On the 25th of April 1915 troops of the Australia and New Zealand Army Corps landed at a place future generations would known as Anzac Cove. They were part of the campaign to recapture the Gallipoli peninsula during World War One. Facing fierce resistance, the campaign dragged on for eight months until they were finally evacuated in December of that year. As a military campaign it was a failure, costing the lives of more than 8,000 Australian soldiers. But a legend was born – the legend of the ANZACS.
It is a story of courage under fire and loyalty to your mates, and the flame of that legend continues to burn brightly in the hearts and minds of Australians and our New Zealand cousins today. Every year on the 25th of April, we stop and we remember those who served and those who gave their lives in World War One and the wars and conflicts that followed. This year also marks the 75th anniversary of the end of World War Two.
The first ANZAC commemoration in Australia occurred in 1916 and by the 1920s Anzac Day had grown to become a national day of remembrance. Since then the Anzac Day tradition has grown to include dawn vigils, memorial services, marches, reunions and the traditional game of two-up.
But not this year. Sadly the Covid 19 pandemic has also made its mark upon this national day of commemoration. The traditional Anzac Day march has been cancelled but the ANZAC spirit endures in the fierce determination of Australians to mark this day and show their respect in whatever way we can. And so at dawn we gathered – not in the city centres or the war memorials, but on our driveways, balconies and verandahs. With a candle in our hand and a phone to our ear, we listened to the Ode and the Last Post. We marked the Minute’s Silence, followed by the Reveille and the National Anthems of our two nations.
The break in tradition may sting our hearts but perhaps it offers us a moment in time when the commemoration of this day will be even more meaningful for us. It hurts that we cannot stand side by side and remember our fallen. It hurts that we cannot show our respect and gratitude to those willing to make the sacrifice for our country. But as we stood on our driveways and verandahs, we could see each other across the way, physically distanced but united in spirit. It was a deeply moving experience. In years to come we will look back on this day and remember how we stood on our driveways, refusing to be bowed by a global pandemic, renewing our commitment to courage, mateship and all that the ANZAC legend means to us.
It may seem strange to commemorate a military failure but it was not a failure on the part of those who volunteered, fought and died. Wherever the blame for the failure is to be placed, it is the courage of those who fought and died, the ones we call the ANZACS, that we honour today. Their story holds a central part in our narrative of Australia and this continues to be borne out in the stream of retellings of both text and screen. It may seem that we never tire of hearing the ANZAC story but it is how we pay homage to their sacrifice and keep their memory alive.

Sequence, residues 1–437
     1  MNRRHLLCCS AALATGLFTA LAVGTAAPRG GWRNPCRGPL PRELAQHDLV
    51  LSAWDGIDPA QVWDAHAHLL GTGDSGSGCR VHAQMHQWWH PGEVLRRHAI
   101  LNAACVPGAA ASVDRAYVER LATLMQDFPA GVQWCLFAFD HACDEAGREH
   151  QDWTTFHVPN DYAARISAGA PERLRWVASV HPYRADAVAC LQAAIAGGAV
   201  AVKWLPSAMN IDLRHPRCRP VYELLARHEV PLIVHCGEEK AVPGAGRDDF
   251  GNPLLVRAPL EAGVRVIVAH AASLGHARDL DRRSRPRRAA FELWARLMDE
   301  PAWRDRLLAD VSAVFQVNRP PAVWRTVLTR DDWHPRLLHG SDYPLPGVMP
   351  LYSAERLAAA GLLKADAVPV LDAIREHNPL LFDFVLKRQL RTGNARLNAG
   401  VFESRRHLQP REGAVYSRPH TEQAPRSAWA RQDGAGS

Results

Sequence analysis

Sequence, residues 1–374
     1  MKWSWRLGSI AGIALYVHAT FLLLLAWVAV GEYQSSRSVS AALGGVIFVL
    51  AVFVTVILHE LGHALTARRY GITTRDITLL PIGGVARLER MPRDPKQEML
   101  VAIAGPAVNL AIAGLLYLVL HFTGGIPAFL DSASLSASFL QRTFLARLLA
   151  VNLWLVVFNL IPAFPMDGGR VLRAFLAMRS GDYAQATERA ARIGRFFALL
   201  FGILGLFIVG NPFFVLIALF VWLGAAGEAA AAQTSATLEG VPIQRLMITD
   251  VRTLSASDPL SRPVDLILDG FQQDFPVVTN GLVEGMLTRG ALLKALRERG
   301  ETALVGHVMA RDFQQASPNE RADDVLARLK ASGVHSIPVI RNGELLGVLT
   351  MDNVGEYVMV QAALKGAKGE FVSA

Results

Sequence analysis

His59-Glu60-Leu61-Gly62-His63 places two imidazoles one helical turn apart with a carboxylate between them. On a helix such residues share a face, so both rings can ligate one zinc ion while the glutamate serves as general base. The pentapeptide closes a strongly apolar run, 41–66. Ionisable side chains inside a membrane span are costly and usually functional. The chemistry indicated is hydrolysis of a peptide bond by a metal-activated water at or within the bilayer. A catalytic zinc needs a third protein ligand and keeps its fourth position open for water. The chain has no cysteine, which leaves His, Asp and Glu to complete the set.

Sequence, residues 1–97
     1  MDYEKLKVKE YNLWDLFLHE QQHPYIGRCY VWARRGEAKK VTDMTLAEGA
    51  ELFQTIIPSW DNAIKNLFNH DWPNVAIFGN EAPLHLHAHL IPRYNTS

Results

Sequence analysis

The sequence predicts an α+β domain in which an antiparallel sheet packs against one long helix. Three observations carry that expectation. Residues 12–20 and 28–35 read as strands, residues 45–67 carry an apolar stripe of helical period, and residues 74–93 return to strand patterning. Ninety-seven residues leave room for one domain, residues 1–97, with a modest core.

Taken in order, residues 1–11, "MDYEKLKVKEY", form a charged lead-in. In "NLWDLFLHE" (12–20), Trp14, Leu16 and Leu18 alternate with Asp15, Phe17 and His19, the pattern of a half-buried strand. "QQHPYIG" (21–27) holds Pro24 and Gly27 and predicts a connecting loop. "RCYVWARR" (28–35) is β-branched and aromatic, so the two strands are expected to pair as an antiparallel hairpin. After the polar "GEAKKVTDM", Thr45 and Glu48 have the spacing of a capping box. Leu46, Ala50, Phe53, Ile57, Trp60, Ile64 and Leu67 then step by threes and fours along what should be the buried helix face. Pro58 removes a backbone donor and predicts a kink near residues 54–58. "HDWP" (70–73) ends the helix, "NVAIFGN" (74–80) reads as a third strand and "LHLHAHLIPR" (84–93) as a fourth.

In the lead up to Anzac Day I have been reading The Daughters of Mars by Thomas Keneally. It’s not something I have done before. I had not really thought about the way literature can help prepare our minds and hearts for a national commemoration. It can take us back to that time, 105 years ago, as young, and some not so young, men and women travelled to the other side of the world for the big adventure of their lives. As we push aside what we know now, we can see through their eyes the beauty and strangeness of a foreign land, the reality of war and the terrible human cost. We can bridge the decades of history, bringing the truth of their experience into our life today, reminding us why we choose to remember.
Keneally’s book takes a different view, telling the Anzac story from the perspective of two Australian sisters who volunteer to serve as nurses during World War One. Sometimes we can forget about those who served away from the front lines yet provided essential life-saving support. Their lives were on the line too. As the focus is more on the experiences of the nurses on the ships and in the wards, the direct action at Gallipoli takes a back seat but the reality of war is brought home in one soldier’s reflection of the deaths on that first day…
“Instantaneous…there was a lot of ‘instantaneous’ that first day.”
It’s a sobering thought. Around 60,000 Australian lives were lost during World War One. Whether it was on the first day or the last day…we will remember them.
They shall grow not old,
as we that are left grow old;
Age shall not weary them, nor the years condemn.
At the going down of the sun and in the morning
We will remember them.
You can find further information about Anzac Day and other conflicts Australia was involved in at the Australian War Memorial.